Druk Air, the only carrier servicing Bhutan, has rigid restrictions on the amount and size of luggage passengers may carry into the country. Passengers are advised to book bulky items ahead as unaccompanied baggage, since the aircraft servicing Bhutan have limited space available for large bags, and airline employees may not load large pieces of luggage. Flights into and out of Paro Airport are restricted to daylight hours and are dependent on suitable weather conditions. Flights are sometimes delayed or cancelled, particularly during the monsoon season between June and August. Passengers are advised to allow at least 24 hours' transit time for connecting flights from Paro Airport and to travel on non-restricted air tickets so that they can be rebooked on the first available air carrier if a connecting flight is missed.

Bhutanese customs authorities enforce strict regulations concerning temporary importation into or export from Bhutan of items such as firearms, ammunition, explosives and military stores; narcotics and drugs (except medically prescribed drugs); tobacco products; wildlife products, especially those of endangered species; and antiques. It is advisable to contact the Bhutan Mission to the United Nations (Consulate General), 763 First Avenue, New York, NY  10017, telephone (212) 682-2268, fax (212) 661-0551, for specific information regarding customs requirements.  Please see our Customs Information.

MEDICAL FACILITIES AND HEALTH INFORMATION:

Medical facilities in the populated areas in Bhutan such as Thimphu and Paro are available but may be limited or unavailable in rural areas.  If Americans need urgent medical care, they should try to get to the General Hospital in the capital city, Thimphu.  Medical services may not meet Western standards, and some medicines are in short supply.  Certain emergency medical services are provided free of charge to all tourists.   Visitors planning to trek in Bhutan should pay special attention to the risk of altitude illness.  Treks in Bhutan can take visitors days or weeks away from the nearest medical facility.  Helicopter evacuation from remote areas is available in Bhutan through the registered tour operators, or by contacting the U.S. Embassy in New Delhi.

Some HIV/AIDS entry restrictions exist for visitors to and foreign residents of Bhutan.  There are no disclosure regulations or restrictions for HIV/AIDS patients who enter Bhutan on a tourist visas for a maximum two week visit.  For longer stays applicants must present the results of an HIV/AIDS test completed within the six months prior to their visit.  The test can also be administered by Bhutanese officials upon arrival. Travelers should verify this information with the Bhutan Mission to the United Nations at (212) 682-2268.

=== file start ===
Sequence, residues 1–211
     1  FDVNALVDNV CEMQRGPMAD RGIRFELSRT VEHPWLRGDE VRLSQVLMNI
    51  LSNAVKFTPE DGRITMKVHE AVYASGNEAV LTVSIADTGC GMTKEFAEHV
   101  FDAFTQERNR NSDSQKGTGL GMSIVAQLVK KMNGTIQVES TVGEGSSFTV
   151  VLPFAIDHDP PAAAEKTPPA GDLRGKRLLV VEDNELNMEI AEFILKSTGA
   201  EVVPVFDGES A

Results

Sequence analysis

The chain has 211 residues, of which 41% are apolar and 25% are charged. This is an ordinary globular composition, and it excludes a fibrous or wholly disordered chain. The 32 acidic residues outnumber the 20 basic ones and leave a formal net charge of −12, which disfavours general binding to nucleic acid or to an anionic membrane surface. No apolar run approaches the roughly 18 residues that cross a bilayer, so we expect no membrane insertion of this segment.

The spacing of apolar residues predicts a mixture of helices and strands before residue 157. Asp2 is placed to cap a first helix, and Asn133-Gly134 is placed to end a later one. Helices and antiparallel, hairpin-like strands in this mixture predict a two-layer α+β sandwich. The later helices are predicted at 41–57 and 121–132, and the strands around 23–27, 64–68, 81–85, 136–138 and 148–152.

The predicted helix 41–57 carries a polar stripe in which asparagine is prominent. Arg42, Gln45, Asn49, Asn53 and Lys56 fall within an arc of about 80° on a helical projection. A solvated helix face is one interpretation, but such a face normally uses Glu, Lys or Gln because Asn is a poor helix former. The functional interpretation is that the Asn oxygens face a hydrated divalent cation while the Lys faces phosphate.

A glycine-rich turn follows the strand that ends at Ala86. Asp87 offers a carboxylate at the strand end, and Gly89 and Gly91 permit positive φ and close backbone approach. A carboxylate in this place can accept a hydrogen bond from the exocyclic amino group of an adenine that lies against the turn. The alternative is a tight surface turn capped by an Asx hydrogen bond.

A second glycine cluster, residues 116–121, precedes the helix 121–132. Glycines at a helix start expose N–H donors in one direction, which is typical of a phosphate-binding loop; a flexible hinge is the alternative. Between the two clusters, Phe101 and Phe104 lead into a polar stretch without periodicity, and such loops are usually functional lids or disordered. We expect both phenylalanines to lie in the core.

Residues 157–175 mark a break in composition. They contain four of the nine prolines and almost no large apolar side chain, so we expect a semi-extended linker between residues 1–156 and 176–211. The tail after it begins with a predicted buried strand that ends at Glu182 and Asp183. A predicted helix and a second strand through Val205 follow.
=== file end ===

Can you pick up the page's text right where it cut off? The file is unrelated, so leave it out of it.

For information about outbreaks of infectious diseases abroad, consult the World Health Organization’s (WHO) web site.  Further health information for travelers is available from the WHO.

MEDICAL INSURANCE:

The Department of State strongly urges Americans to consult with their medical insurance company prior to traveling abroad to confirm whether their policy applies overseas and whether it will cover emergency expenses such as a medical evacuation.  Please see our information on medical insurance overseas.

TRAFFIC SAFETY AND ROAD CONDITIONS:

While in a foreign country, U.S. citizens may encounter road conditions that differ significantly from those in the United States.  The information below concerning Bhutan is provided for general reference only and may not be totally accurate in a particular location or circumstance.
General road conditions outside of urban areas are poor, and emergency services generally are not available.  Because of the mountainous terrain, roads tend to have steep drop-offs and blind curves.  However, because tourists to Bhutan are required to arrange their trips through registered tour operators, tourists do not drive themselves, but travel in groups with experienced drivers.
Please refer to our Road Safety page and Bhutan’s Ministry of Economic Affairs for more information.

AVIATION SAFETY OVERSIGHT:

As there is no direct commercial air service to the United States by carriers registered in Bhutan, the U.S. Federal Aviation Administration (FAA) has not assessed Bhutan’s Civil Aviation Authority for compliance with International Civil Aviation Organization (ICAO) aviation safety standards.  For more information, travelers may visit the FAA web site.

CHILDREN'S ISSUES:

For information, see our Office of Children’s Issues web pages on intercountry adoption and international parental child abduction.

REGISTRATION / EMBASSY LOCATION:

There is no U.S. Embassy or Consulate in Bhutan. Although no formal diplomatic relations exist between the United States and Bhutan, informal contact is maintained through the U.S. Embassy in New Delhi, India. Updated information on travel and security in Bhutan may be obtained at the U.S. Embassy in New Delhi, at any other U.S. Consulate in India, or at the U.S. Embassy in Kathmandu, Nepal, as well as at the U.S. Embassy in Bangkok, Thailand.  Americans living or traveling in Bhutan are encouraged to register through the State Department’s travel registration web site or with the U.S. Embassy in New Delhi to obtain updated information on travel and security within Bhutan.  Americans without Internet access may register directly with the U.S. Embassy in New Delhi in person or via mail.  By registering, American citizens make it easier for the Embassy or Consulate to contact them in case of emergency.

The U.S. Embassy in New Delhi is located on Shanti Path, Chanakya Puri, New Delhi 110 021, India, telephone +91-11-2419-8000, fax +91-11-2419-8407.

The following U.S. missions are included as they are Drukair destinations:
The U.S. Consulate in Kolkata is located at 5/1 Ho Chi Minh Sarani, Kolkata 700 071, India, telephone +91-33-3984-2400, fax +91-33-2282-2335.
The U.S. Embassy in Kathmandu is located at Maharajgunj in Kathmandu, Nepal.  The Consular Section can be reached through the Embassy switchboard at (977) (1) 400-7200 or directly by fax at (977) (1) 400-7281 or contacted by email.
The U.S. Embassy in Bangkok is located at 120/22 Wireless Road, Bangkok, Thailand, telephone +66-2-205-4000, fax +66-2-205-4103.

This replaces the Country Specific Information dated April 25, 2008, to update the sections on Country Description, Safety and Security, Traffic Safety and Road Conditions, and Medical Facilities and Health Information.

 


 

The UK Foreign & Commonwealth Office also has information for Bhutan HERE......
Looking for an Embassy ?, Check out our World Wide Embassy Listings Section HERE (For US Citizens) or HERE (For UK Citizens)...........
Regards
The SW Team.........